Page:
Working With The Elderly
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Working With The Elderly

A calling, not a job.

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Working With The Elderly
Pixabay

Most of us have an elderly grandfather or grandmother to thank for advice and wisdom that is given out every time we visit, not to mention endless questions about when we plan to get married or get a significant other (times were different back in their day, huh?) Despite that, we love them to pieces. We see the years of hard work and compassion learned set deep into their kind and loving eyes, and every minute spent with them is a relaxing stroll into the past, a reminder of how simple life can be when you focus on what really matters. For those of us who have elderly grandparents, it brings us joy to care to some of their needs, bringing treats and baking THEM cookies for once. However, even though we may want to spend enormous amounts of quality time with them, it is hard to do so when we have our own busy lives with jobs and school to tend to. This is why we will forever be eternally grateful to those who tend to the needs of our grandparents when we are unable to.

Being a CNA or caregiver for the elderly can be a taxing position. We see the good, the bad, and the ugly, and learn to appreciate each of these little phases as part of who a person is. While a child or grandchild may visit their elderly relative and see the smiles they have that day for their family, we see the days when they are feeling off, depressed, irritated, and we have to try to find the right words to say to take these feelings away, or in the very least, distract from them. Although not every moment of working with the elderly is peaceful and easy, we also experience beautiful little moments of appreciation from this older generation that make the whole experience so much more than just a job.

We are responsible for making each day worth it for these people, who may no longer find satisfaction in their daily lives. We are the ones who see the little smiles that cross their lips as we help them trim their flowers or bake cookies for their grandchildren so that they may feel useful, and we are the ones who see the frustration in their eyes when they realize that certain things are no longer the same. We are the ones who they hug before they go to bed every night, out of sheer appreciation for the willingness that we have to help them and make their lives as comfortable as possible. We are the ones who take care of their personal needs, and take pride in maintaining dignity for these people in even the most undignified moments. We are the people who try our best and put sweat and tears into helping the elderly transition into these last few stages of life as comfortably as possible.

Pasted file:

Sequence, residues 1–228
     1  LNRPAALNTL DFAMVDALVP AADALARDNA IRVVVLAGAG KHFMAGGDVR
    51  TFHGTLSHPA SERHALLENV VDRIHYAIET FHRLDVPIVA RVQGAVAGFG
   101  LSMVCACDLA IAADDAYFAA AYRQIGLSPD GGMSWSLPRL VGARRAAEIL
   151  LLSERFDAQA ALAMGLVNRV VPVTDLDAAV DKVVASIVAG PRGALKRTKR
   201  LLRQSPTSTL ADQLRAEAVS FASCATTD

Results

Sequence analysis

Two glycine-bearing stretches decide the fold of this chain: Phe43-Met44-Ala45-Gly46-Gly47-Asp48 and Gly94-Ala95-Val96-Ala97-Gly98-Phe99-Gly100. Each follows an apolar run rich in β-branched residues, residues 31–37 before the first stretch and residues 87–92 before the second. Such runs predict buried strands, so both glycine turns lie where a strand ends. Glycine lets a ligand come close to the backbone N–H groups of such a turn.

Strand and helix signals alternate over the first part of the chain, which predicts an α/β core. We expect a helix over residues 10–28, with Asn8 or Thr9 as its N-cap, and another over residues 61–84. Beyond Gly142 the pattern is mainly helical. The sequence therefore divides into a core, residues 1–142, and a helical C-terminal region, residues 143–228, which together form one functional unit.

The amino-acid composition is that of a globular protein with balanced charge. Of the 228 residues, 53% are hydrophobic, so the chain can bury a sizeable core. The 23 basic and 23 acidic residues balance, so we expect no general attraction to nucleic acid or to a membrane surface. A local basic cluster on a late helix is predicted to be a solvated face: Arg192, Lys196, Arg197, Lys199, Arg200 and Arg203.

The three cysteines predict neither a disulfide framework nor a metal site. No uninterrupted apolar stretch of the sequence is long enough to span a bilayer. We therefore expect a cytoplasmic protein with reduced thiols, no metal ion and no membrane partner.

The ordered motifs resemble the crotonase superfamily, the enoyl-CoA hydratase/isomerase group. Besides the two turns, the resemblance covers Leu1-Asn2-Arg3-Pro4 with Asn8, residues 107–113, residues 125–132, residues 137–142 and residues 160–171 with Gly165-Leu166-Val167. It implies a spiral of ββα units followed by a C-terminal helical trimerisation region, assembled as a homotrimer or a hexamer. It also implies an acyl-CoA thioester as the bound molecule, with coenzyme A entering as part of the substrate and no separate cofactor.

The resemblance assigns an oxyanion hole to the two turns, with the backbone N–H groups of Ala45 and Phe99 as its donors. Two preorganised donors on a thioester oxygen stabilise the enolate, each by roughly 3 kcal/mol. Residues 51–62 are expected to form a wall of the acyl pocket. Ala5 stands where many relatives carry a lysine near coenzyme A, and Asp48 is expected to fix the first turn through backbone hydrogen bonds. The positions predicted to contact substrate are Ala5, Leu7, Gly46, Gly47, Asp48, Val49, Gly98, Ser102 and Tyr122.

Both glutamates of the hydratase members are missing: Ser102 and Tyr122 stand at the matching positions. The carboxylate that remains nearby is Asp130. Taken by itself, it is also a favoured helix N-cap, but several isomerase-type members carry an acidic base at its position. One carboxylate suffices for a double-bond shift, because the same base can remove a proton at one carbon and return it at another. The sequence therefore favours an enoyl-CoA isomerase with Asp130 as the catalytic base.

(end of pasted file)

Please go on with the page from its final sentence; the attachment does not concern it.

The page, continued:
What is our personal reward for these services, you may ask? No, we don't receive gifts at Christmas from these people, and we most certainly aren't written into the will. Our rewards are less and yet worth so much more than those acts. The elderly hug us when we leave at the end of the day and tell us how much they will miss us, even as almost perfect strangers. In late afternoon as we sit and watch the sun progress down the sky, they tell us of decades past, of hardships and moments of joy endured. They unburden their hearts as they tell us secrets that maybe aren't even meant for their families' ears. When they tell us thank you, they mean it, with eyes full of appreciation and kindness. These little things mean everything, and in so many ways are worth much more than a paycheck.

The next time you visit your elderly grandparents, take a second look at the caregivers who you never paid much attention to. They are the ones who make the world go round for the ones whom you love so much, and what's even better? They enjoy doing so. Working with the elderly is a calling, not a job.

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This article has not been reviewed by Odyssey HQ and solely reflects the ideas and opinions of the creator.
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